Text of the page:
President Bush signed into law Tuesday the most sweeping education reform bill in decades, the result of a bipartisan agreement that ultimately requires new reading and math tests, employs the first step towards implementing a school voucher program in failing school districts, and raises teacher standards.

"We owe the children of America a good education and today begins a new era, a new time in public education," Bush told students and teachers at Ohio's Hamilton High School.

Bush extolled the virtues of the bipartisan cooperation that allowed him to produce such a sweeping overhaul of education. He praised Sen. Edward Kennedy, chairman of the Senate Health, Education, Labor and Pensions Committee, who helped shepherd the $26 billion bill.

"The folks at the Crawford Coffee Shop would be somewhat in shock when I told them I actually like the fellow," Bush said, recalling a conversation about Kennedy that Bush had last week with his hometown residents. "He is a fabulous United States senator. When he's against you, it's tough. When he's with you, it is a great experience."

The president emphasized the local benefits of the bill, which he said places the freedom to spend resources where they may be used most wisely — as well as the responsibility of those funds — with the teachers, districts and parents at the district level.

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"In Washington, there are smart people there, but the people who care most about the children of Hamilton are the teachers here," he said. "We believe the best path to education reform is trust the local people. Hold people accountable and liberate the school districts to meet the standards.

"I can't think of any better way to say to teachers, 'we trust you,'" he added.

Federal control of resources and regulations that dictate public school policy have been the root of contention between Democrats and Republicans. Bush said this bill expresses interests of both parties: Requiring federal accountability to and increased resources from Washington, but handing over responsibility for testing structures and funding uses to local authorities.

Both parties, however, want to fight illiteracy in poor communities, and Bush said that with this package, there is no excuse for failure.

"We have money in there to make sure that teachers know what to teach to make it work," he said. "There are no excuses, in my opinion," not to ensure that "no child is left behind," he said, referring to his 1999 campaign promise and the legislation's given name.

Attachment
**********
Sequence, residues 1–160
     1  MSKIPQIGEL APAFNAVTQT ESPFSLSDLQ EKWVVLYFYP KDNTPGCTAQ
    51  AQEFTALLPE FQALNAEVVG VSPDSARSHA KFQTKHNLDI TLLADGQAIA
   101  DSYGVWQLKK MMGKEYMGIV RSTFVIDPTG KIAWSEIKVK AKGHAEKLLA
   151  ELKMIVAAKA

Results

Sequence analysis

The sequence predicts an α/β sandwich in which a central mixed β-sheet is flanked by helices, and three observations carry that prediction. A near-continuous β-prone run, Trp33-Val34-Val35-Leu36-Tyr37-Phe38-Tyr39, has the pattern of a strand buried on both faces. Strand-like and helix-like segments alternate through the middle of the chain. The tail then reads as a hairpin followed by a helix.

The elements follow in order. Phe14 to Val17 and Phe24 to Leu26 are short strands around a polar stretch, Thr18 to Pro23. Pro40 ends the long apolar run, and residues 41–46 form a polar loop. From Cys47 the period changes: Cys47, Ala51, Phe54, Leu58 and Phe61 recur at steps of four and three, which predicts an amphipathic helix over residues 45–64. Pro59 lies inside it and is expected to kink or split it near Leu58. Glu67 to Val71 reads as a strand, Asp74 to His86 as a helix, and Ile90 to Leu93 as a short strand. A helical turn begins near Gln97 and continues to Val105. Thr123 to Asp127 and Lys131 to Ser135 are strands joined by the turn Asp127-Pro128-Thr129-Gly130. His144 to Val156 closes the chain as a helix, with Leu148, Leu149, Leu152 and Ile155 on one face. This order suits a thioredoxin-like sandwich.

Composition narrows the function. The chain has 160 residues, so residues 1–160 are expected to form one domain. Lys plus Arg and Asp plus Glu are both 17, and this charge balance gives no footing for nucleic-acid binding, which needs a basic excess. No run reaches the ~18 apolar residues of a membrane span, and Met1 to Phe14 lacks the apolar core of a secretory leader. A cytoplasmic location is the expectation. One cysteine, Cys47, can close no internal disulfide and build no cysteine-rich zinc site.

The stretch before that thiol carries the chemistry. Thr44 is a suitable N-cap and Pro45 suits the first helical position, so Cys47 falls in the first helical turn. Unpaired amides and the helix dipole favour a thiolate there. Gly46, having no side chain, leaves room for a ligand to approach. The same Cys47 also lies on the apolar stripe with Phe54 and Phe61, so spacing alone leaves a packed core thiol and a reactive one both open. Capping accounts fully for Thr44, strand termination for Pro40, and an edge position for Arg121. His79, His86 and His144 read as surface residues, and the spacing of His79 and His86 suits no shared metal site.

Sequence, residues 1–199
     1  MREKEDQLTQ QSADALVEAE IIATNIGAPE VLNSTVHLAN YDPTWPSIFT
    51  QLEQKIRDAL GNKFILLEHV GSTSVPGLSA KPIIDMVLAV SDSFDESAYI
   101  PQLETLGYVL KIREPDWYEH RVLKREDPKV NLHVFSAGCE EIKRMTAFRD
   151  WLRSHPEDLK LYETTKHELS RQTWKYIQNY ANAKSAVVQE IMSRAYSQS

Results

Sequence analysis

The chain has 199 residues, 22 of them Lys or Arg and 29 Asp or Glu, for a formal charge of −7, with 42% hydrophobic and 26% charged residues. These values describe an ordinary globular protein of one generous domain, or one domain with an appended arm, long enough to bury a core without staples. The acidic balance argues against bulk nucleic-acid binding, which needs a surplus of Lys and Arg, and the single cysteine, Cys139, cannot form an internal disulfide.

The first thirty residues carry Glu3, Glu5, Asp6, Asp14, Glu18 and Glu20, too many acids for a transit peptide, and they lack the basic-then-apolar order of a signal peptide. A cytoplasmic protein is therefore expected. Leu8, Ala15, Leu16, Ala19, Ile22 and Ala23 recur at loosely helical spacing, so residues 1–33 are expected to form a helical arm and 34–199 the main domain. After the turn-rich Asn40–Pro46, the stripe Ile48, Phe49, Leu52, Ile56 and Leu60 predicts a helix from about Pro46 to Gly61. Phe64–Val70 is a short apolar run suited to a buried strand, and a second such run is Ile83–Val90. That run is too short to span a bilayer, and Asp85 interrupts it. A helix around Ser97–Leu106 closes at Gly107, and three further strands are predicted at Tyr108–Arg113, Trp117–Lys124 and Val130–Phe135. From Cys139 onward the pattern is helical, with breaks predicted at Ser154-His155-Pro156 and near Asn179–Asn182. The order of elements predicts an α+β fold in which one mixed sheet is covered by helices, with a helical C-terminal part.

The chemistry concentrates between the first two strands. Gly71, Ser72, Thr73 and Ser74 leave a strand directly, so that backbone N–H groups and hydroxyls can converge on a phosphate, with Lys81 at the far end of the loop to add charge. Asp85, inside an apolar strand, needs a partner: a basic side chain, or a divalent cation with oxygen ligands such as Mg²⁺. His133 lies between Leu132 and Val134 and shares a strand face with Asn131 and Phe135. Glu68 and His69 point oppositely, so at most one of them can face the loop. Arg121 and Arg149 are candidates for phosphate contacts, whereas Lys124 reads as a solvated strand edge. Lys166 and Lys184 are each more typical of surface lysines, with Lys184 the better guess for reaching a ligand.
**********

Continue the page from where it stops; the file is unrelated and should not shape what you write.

Bush was holding education events in three separate states, beginning in America's heartland, and then setting off to New Hampshire and Massachusetts. He is joined in all three locations by Kennedy, D-Mass., Sen. Judd Gregg, R-N.H., Rep. George Miller, D-Calif., and Rep. John Boehner, R-Ohio, all credited with pushing the bill through Congress.

In New Hampshire, home of the first presidential primary, Bush planned another speech and a private meet-and-greet with 250 campaign donors. Bush lost the New Hampshire primary by 16 points but said he holds no grudges.

"I appreciate so very much my friend Judd Gregg from the state of New Hampshire being here. He was my campaign manager in the New Hampshire primary. I still invited him to come with me," he joked while in Ohio.

It was Bush's first trip to New Hampshire as president and his third to Ohio, the nation's seventh-largest electoral prize.

The return marks the triumphant fulfillment of the president's campaign pledge to ensure that "federal money will no longer follow failure." However, some of the president's proposals did not survive the final draft.

Bush had proposed testing students each year. The bill requires annual state tests in reading and mathematics for every child in grades three through eight, beginning in the 2004-05 school year. In 2005-06, schools will have to add science tests.

Public schools where scores fail to improve two years in a row could receive more federal aid, but if scores don't improve, students could receive tutoring or transportation to another public school. The compromise is a shift from a Bush proposal to allow students to use federal funds for private education vouchers if the public schools were failing.

According to the bill, a school in which scores failed to improve over six years could be re-staffed.

Schools must raise the percentage of students proficient in reading and math and reach 100 percent within 12 years. Schools also must close gaps in scores between wealthy and poor students and white and minority students.

The bill requires states to ensure that within four years all teachers are qualified to teach in their subject areas.

Schools also must develop annual "report cards" that show their standardized test scores compared with both local and state schools.

The Associated Press contributed to this report.